Thursday, February 23, 2006

Carnival of the Etymologies

[A regular Thursday feature of "Done With Mirrors"]

Ports, and who ought and ought not to own them in America, sailed into the headlines this week.

Port meaning "harbor" was one of the earliest words (and one of the few non-ecclesiastical words) to make its way from Latin into English, having arived in the Anglo-Saxon period.

The source is Latin portus "port, harbor," but originally "entrance, passage." The reconstructed Proto-Indo-European root of this is *prtu- "a going, a passage," from the base *per- "to lead, to pass over." Among its relatives are Sanskrit parayati "carries over;" Greek poros "journey, passage" (preserved in English in emporium and the noun pore ); Avestan peretush "passage, ford, bridge;" Armenian hordan "go forward;" Welsh rhyd "ford;" and Old Church Slavonic pariti "fly."

In Germanic, by a regular phonetic evolution known as Grimm's Law, the initial "p" sound became an "f," so the word group is represented by the likes of Old Norse fjörðr "inlet, estuary" (source of fjord), and English ford. It forms the common word for "to travel" in many Germanic languages (Gothic faran, German fahren), and it did so in English, too, in the Anglo-Saxon period.

Old English faran meant "to go, to journey, to make one's way," but for some reason it was replaced in the 14th century by the French word that has come down as travel (from the same root as travail). The old verb survives in the verb and noun fare and their compounds.

All the other ports in English ultimately are from the same stock of words. The most obvious is the one that means "left side of a ship" (attested from 1543), which is from the notion of "the side facing the harbor" (when a ship is docked). It replaced larboard in common usage to avoid confusion with starboard when shouting commands in the wind at sea; the change was made official by an Admiralty order of 1844 in Britain and by a U.S. Navy Department notice of 1846.

Port meaning "gateway" also was an Old English word borrowed from Latin portus, in this case retaining the Latin word's older sense of "gate, door." It now mainly has the specific meaning "porthole, opening in the side of a ship."

Port as the name of a kind of sweet dark-red wine is a shortening of Oporto, the name of a city in northwest Portugal from which the wine was originally shipped to England. The city's name, however, in Latin-derived Portuguese, is from O Porto, "the port." Portugal itself is named for this city, from Medieval Latin Portus Cale (the Roman name of modern Oporto). Alfonso, Count of Portucale, became the first king of Portugal.

Finally, the port that means "bearing, mien" is a 14th century use of a French word, from the Latin verb portare "to carry." It literally means "how one carries oneself." It is not much used today in English, but we still have its derived adjective portly which in the early 16th century meant "stately, dignified" before it came to mean "stout."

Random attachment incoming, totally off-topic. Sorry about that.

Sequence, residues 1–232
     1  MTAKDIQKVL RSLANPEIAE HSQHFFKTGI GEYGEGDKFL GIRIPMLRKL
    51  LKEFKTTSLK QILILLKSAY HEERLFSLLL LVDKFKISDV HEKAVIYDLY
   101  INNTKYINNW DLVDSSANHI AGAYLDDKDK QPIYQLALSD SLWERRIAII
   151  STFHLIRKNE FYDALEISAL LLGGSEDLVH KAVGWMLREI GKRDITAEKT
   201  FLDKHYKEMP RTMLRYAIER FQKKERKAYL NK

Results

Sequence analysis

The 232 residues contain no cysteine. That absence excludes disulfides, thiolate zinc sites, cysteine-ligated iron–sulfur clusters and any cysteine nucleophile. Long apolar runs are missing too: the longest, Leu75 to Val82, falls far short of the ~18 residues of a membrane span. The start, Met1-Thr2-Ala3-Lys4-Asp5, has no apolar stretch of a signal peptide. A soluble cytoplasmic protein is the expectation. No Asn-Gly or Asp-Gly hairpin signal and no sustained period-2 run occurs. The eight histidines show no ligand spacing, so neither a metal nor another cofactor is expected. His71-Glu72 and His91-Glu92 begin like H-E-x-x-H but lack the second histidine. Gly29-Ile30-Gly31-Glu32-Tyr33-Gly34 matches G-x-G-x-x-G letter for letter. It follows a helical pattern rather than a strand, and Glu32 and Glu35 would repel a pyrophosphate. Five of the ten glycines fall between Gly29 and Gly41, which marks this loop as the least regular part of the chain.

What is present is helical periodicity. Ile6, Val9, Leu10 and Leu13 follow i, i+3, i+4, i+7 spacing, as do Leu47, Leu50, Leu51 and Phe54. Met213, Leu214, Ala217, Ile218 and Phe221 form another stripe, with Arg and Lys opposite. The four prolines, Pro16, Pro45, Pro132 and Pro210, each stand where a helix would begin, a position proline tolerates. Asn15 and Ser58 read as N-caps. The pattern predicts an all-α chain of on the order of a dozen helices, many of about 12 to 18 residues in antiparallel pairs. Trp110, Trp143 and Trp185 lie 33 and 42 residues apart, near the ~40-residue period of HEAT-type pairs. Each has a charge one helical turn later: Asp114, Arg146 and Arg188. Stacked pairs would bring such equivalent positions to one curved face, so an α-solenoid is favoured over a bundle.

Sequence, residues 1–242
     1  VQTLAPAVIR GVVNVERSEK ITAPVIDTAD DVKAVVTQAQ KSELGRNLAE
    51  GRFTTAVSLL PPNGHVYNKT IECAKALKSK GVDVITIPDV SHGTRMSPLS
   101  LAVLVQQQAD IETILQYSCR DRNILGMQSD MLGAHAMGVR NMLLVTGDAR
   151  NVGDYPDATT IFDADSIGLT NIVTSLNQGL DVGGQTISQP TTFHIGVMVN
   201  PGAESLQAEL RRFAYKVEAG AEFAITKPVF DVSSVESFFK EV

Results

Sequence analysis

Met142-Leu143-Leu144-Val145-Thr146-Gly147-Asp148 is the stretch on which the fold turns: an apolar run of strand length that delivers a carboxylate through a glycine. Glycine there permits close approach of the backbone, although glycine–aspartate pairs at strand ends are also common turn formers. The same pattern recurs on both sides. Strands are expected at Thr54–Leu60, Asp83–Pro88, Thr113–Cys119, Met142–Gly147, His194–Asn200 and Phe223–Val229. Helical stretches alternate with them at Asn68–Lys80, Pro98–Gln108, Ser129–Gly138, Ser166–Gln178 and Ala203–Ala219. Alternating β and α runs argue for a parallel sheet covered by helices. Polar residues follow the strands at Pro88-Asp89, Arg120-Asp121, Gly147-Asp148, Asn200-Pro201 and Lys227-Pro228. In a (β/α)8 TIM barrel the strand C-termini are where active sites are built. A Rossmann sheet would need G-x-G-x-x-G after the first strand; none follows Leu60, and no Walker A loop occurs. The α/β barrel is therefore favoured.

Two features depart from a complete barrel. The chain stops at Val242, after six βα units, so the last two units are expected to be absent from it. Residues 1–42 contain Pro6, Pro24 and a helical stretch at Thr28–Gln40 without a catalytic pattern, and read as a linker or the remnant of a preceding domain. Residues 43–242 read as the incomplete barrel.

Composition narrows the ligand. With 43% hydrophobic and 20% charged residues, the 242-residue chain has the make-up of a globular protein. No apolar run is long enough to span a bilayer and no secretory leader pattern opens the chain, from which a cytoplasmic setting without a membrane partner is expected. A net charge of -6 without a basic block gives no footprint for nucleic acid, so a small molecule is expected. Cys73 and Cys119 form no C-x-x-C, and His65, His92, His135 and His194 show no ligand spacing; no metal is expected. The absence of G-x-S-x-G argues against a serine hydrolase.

Other English words in this family come from one or the other of the Latin senses of portus/portare. Portico and portal both come from the "gate" sense, as does porter "doorkeeper, janitor."

From the "carrying" sense come portage, portable, and portfolio (originally "a case for carrying loose papers"). Also finding its roots here is the other porter, the one that means "person who carries." Since porters and other laborers in old England prefered cheap, strong, dark beer, the type of ale brewed for them came to be called porter. Restaurants where porter ws a house specialty were called porterhouses, and a particular one in New York City in the 1830s gave its name to a type of steak that also was a specialty there.

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For the rest of this week's list, I've collected some of the odder words from the Winter Olympics.

Slalom is from Norwegian slalam "skiing race," literally "sloping track," from sla "slope" and lam "track" (related to laan "a row of houses," which is itself related to English lane).

Luge is a French word meaning "small coasting sled," originally from the Savoy dialect of the French Alps, which has been traced to a 9th century sludia "sled," which is perhaps from a Gaulish word from the same root as English sled and slide.

Ski is relatively recent in English, the word not appearing before 1885 (except for an isolated instance from 1755). The source is Norwegian ski, which is related to Old Norse skið "snowshoe," literally "stick of wood." The ancient root is Proto-Germanic *skid- "to divide, split," from the Proto-Indo-European base *skei- "to cut, split."

Skate is attested in English from 1662. The custom was brought to England after the Restoration by exiled followers of Charles II who had taken refuge in Holland. The source of the word is Dutch schaats (singular, mistaken in English as a plural), which linguists think came up through Flanders from Old French eschace "stilt" (modern French échasse), from a Germanic source that perhaps literally meant "thing that shakes or moves fast." But another theory is that the Dutch word is connected to Middle Low German schenke and Old English scanca "leg" (source of shank). In either case, the sense evolution presents problems.

The type of fish called a skate is not connected. It is 1 4th century borrowing from Old Norse skata, a word of unknown origin.

Mogul "elevation on a ski slope," probably is from a Scandinavian (cf. dialectal Norwegian mugje "a heap, a mound"), or from southern German dialect mugel in the same sense. It is not related to the mogul that means "powerful person." That word was taken from the title of the Great Mogul, the Mongol emperor of India after the conquest of 1526, which is from Persian and Arabic mughal, mughul, an alteration of Mongol, the name of the Asiatic people.